Saturday, October 23, 2021

Soldiers could rush to help fuel supply after tanker spill on Virginia highway

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An Army tanker truck crash that spilled gasoline and forced residents to evacuate their homes could lead to hundreds of soldiers rushing to fill up motor vehicles for military bases and the commuter rail system.

The tanker bus carrying 200,000 gallons of fuel toppled over on the East Coast, damaging a bridge and blocking a 4-mile section of Route 295. More than 30,000 gallons leaked. Tanker trucks capable of carrying that amount of fuel are about 100 feet long, easily pinned by a vehicle and even a large SUV on some roadways.

“There’s a very high probability we’re going to need a significant number of troops to handle the challenge of refilling the tanks,” said Maj. Gen. James Glynn, commander of the Army Tank Automotive Command, which manages about 600,000 fuel tankers and scores of supply vehicles.

The main supply routes into Washington — the George Washington Parkway and the Potomac River — should be cleared later Saturday afternoon, and the Defense Department said, including officials with the Capital Area Regional Transit agency, it had enough fuel to get around the closure.

For thousands of vehicles, most of which will need to be rerouted, the Fuel Manager Rapid Response plan can provide a range of options to address any fuel-availability issues and boost supply to the Capital Area Regional Transit system.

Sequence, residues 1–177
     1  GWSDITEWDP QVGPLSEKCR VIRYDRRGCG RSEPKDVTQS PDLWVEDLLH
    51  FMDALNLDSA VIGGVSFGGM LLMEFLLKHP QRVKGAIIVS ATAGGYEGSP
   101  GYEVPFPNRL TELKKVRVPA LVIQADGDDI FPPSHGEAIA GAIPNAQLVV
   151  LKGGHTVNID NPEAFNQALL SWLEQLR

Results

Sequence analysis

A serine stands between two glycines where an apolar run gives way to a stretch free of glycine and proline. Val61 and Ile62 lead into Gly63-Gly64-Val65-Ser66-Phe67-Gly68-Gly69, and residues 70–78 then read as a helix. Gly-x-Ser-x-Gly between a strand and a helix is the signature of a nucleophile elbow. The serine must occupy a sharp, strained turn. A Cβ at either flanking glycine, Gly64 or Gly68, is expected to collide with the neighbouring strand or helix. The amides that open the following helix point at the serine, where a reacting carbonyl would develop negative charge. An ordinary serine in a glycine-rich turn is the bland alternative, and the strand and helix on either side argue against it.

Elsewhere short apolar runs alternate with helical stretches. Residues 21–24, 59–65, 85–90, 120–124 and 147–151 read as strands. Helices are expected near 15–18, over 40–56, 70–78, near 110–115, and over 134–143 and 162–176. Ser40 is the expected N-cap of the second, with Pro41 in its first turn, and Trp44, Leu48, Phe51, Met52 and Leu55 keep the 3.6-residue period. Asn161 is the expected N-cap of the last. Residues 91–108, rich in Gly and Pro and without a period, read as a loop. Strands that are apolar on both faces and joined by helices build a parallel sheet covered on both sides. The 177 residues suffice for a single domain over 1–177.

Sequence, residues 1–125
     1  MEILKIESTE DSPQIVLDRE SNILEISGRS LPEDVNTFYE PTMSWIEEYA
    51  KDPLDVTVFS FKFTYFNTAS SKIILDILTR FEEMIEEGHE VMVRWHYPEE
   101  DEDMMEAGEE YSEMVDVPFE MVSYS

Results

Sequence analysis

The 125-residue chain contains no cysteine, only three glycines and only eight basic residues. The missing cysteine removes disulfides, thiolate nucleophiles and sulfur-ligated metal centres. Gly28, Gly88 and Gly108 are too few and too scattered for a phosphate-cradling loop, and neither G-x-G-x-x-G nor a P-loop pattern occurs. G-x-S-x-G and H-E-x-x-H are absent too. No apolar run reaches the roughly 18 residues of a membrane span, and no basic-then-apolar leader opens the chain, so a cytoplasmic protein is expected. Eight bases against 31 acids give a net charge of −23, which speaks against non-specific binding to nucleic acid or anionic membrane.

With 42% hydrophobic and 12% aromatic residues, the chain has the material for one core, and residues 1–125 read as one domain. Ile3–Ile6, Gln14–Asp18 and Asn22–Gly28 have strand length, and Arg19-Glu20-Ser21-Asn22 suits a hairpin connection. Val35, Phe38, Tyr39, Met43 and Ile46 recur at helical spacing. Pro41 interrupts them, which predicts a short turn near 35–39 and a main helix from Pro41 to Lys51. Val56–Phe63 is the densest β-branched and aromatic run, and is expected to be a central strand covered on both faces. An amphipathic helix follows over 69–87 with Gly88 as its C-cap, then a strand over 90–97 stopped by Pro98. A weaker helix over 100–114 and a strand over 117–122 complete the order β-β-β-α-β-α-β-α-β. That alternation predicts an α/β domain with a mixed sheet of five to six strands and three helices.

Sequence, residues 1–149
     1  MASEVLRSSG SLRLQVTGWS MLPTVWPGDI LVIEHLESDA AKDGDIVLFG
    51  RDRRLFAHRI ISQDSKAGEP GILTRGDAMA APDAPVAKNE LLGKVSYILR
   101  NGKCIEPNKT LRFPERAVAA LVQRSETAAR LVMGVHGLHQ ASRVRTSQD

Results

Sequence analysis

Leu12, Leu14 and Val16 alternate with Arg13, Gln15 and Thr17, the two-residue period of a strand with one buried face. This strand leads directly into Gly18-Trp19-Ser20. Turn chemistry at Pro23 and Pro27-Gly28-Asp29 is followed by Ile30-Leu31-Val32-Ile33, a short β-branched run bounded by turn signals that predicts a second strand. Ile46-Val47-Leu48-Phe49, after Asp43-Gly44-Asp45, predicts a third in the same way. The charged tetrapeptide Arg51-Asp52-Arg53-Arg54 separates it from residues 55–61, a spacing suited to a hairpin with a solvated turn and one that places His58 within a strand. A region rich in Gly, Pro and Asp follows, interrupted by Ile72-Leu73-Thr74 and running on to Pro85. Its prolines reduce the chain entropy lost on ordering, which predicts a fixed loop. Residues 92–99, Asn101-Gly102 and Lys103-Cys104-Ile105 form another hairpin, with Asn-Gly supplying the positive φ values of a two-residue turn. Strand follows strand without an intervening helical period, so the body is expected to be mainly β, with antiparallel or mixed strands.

Troops were likely to be mobilized to perform backup refueling on alternate routes and in new spots along the routes, Glynn said. They would also provide assistance in federal and regional efforts to remove the fuel from the area. The U.S. Army Corps of Engineers has been conducting work to reduce the fuel spillage, including using “methane hydrates” to slow the tanker truck, he said.

Col. Jeffrey Riches, commander of the 3rd Brigade, 10th Mountain Division, said his soldiers would be able to move quickly.

“We could be out in the field as soon as they turn on the tap,” he said, adding they could get to the pump if the local service station “can’t keep up with demand.”

He said they could also draw on the fuel supplies from the tank farm at Fort Drum, which is located in upstate New York.

A convoy could be used to ferry materials from other parts of the Army, in addition to the regular support vehicles now in the region. One option Glynn outlined is taking supplies from the 302nd Transportation Unit at Fort Stewart in Georgia or the 450th Infantry Brigade at Fort Hood in Texas.

“If they have to go somewhere else, they can do it with what they have,” Riches said.

The Pentagon also said the Federal Emergency Management Agency had a plane ready to fly immediately after the crash to assess the scope of the damage and will use volunteer search and rescue teams from the Defense Department as needed. The department also said it has notified the Pentagon and state emergency officials and FAA about its plans.

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